The works have in common a sense of adventure and a Modern slant. Schnittke's "Hommage a Stravinsky, Prokofiev & Shostakovich" brings out the rhythmic vitality of those composers and their very well developed melodic thrust. Schnittke sounds out that essentiality with some very masterful, stirring music.
Monica Pearce's "Chess Suite" makes lively use of two toy pianos and teases out the pulsative presence of such instruments well played, the beautifully fragile melodic possibilities and her own vital musical imagination.
Ravel's "Frontispice" hails from the end of WWI (1918) and is performed here for piano six hands. though it originally called for two pianos and five hands. I do not recall hearing it, ever, and it is very nice to hear at that--as done so well on this program.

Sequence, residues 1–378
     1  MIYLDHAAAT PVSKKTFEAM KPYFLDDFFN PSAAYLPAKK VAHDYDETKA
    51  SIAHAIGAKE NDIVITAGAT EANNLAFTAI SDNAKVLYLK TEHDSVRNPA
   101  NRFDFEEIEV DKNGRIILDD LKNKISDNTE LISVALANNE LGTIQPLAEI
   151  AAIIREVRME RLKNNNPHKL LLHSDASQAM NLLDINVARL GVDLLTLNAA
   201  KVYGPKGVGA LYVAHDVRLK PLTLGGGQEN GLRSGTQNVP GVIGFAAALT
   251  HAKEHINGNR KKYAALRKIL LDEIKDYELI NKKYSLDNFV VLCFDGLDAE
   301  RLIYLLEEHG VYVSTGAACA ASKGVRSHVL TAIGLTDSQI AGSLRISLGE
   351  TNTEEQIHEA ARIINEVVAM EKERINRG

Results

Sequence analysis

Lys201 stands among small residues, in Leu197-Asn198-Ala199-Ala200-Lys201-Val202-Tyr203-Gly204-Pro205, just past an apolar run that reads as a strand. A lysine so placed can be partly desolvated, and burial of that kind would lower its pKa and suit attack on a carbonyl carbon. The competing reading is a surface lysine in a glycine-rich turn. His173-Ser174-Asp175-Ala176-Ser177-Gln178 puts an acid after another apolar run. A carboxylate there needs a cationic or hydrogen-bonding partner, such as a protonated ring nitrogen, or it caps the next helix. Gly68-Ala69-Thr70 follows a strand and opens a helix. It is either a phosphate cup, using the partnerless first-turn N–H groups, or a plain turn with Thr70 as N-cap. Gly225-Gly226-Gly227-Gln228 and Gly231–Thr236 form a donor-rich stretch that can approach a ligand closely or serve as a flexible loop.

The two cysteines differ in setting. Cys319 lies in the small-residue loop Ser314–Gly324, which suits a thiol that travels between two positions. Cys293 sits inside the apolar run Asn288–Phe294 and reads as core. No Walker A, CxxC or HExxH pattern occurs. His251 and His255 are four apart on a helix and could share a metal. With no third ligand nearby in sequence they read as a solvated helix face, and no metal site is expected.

Emily Doolittle's four-handed piano "Sorex (A Celebration of Untamed Shrews)" was inspired by Shakespeare in 2010 and thrives with nicely memorable pianisms throughout.
Tomi Raisanen "Insider" (as alluded to above) is the three mostly playing inside a grand piano. Pure adventure I suppose you could say it is, for it is.
Two works for piano six-hands follow, good things by Chris Thornborrow and Alex Eddington, both works ornate and nicely exploratory.
The program ends with an Elisha Denburg piece for piano, toy piano and Casio keyboard. "Welcome to the Warp Zone!" is nearly orchestral in scope. It leaves us with something truly fun, catchy, and "jazzy" if you will.
After all is said and done junctQin leaves us with a good reason why New Music remains a vital thing no matter what else the world may bring. The content is detailed and uniformly musical, the performances are bright and bristling with energy and sensitivity. If you seek something new and unexpected, here is a good one to grab.